Today I am going to demonstrate the process to create and deploy blueprint in vRA 8.x. There are multiple steps to follow before your blueprint is ready to consume.
vRealize Automation Cloud Assembly is a blueprint development and deployment service. Below are the steps we are going to perform to build our first blueprint and deploy it.
1. Create Cloud Account
2. Create Cloud Zone
3. Create Project
4. Create Flavour Mapping
5. Create Image Mapping
6. Create and Deploy Blueprint
The above process can be seen in the below process flow diagram.
Image Credit VMware
- Log in as a cloud administrator.
- Verify that you have the credentials required to connect to the cloud account.
Let’s get started…
Create Cloud Account:
Cloud accounts allow you to bring your public cloud and on-prem data centres under management.
Go to Cloud Assembly > Infrastructure > Connections > Cloud Account and click on Add Cloud Account. Select option to add a cloud account, In our case it’s vCenter.
Enter cloud account name and description, give address & cloud credentials then click Validate. Once successfully validated, select datacentre & choose NSX endpoint if created earlier.
Add applicable capability tags and say Save.
Now click Add and you will see the account has been added as below.
Create Cloud Zone:
Go to Cloud Assembly > Infrastructure > Configure > Cloud Zone and click on Add Cloud Zone.
Select an account/region and enter a name and description.
Select a placement policy that defines how provisioned resources are distributed among hosts in this cloud zone.
Add applicable capability tags.
Click the Compute tab and view the compute resources in this cloud zone. If you don’t want to use all the compute resources, add a tag to the compute resources that you want, and then enter that tag in the filter.
Go to Cloud Assembly > Infrastructure > Configure > Project and click on New Project.
Enter project information on the Summary tab. For this setup example, the project name is PLAB.
Click the Users tab and add one or more users. Project users must be existing active service organization users.
Click the Provisioning tab and add one or more zones. The selected zones must have the appropriate infrastructure resources to support the project goals. If you are just getting started, ignore Constraints and Custom Properties for now. You can go back and add them later if necessary.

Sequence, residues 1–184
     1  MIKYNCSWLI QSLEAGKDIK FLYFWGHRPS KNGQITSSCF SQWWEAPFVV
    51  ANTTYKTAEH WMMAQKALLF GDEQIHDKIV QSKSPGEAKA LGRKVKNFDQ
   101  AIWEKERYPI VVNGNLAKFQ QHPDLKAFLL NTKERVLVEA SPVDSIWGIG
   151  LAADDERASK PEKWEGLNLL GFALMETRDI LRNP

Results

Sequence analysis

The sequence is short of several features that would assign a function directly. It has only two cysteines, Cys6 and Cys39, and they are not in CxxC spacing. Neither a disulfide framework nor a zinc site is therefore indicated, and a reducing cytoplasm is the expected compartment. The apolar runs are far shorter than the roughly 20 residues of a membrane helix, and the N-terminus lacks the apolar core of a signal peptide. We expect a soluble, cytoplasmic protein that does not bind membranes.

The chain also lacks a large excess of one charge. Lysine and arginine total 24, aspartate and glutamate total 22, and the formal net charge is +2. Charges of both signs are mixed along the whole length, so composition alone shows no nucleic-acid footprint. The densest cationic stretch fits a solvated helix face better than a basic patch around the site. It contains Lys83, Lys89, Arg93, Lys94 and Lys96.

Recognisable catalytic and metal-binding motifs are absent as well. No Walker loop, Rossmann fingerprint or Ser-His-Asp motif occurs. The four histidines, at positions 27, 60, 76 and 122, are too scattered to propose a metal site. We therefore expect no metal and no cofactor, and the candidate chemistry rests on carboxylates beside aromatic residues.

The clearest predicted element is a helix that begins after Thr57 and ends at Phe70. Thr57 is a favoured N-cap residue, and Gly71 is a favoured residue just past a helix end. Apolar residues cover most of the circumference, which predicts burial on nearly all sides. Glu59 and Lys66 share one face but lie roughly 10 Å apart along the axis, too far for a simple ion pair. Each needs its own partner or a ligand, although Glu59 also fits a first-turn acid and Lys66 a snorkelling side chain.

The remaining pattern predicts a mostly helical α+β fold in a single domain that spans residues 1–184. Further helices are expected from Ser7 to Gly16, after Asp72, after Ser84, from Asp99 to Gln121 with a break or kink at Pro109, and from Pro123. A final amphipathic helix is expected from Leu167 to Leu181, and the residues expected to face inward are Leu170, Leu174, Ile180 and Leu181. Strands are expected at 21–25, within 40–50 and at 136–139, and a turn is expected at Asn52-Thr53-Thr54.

Create Flavour Mapping:
Go to Cloud Assembly > Infrastructure > Configure > Flavor Mapping and click on New Flavor Mapping.
Enter a new Flavor name, such as Small, click in Account/Region and select one of the available cloud account/regions.
Specify a compute value.
Click (+) to add another flavor map row of the same size for each available cloud account/region. Click Create to create the mapping.
Create Image Mapping:
Go to Cloud Assembly > Infrastructure > Configure > Image Mapping and click on Click New Image Mapping.
Enter a new Image name, such as RHEL76. Click in Account/Region and select one of the available cloud account/regions.
Click in Value and start to type template name RHEL76, select one of the available RHEL76 configurations to complete the first map row.
Click (+) to add another image map row for an image for each available cloud account/region and Click Create.
Create and Deploy Blueprint:
Blueprints are specifications for the resources that you deploy. You can continuously improve a blueprint after you deploy it.
Go to Cloud Assembly > Design > Blueprints and Click New, enter a Name, select a Project, and click Create. It will open a Design canvas wizard.
The blueprint and project examples in this setup are LAB-RHEL76 and PLAB.
Drag components to the canvas, edit the code to configure properties.
For example, the YAML code below adds a flavor size and operating system image to the cloud-neutral virtual machine.
Once you blueprint is ready hit TEST to test the blueprint. If you have done everything correct the test will successful. Now we are ready to deploy our first blueprint by clicking on DEPLOY.
The deployment status can be view from Deployments tab in Cloud Assembly.
Now you can see the vm has been deployed successfully.
That’s it for this post. I’ll discuss more about blueprint & catalog item in my subsequent posts.
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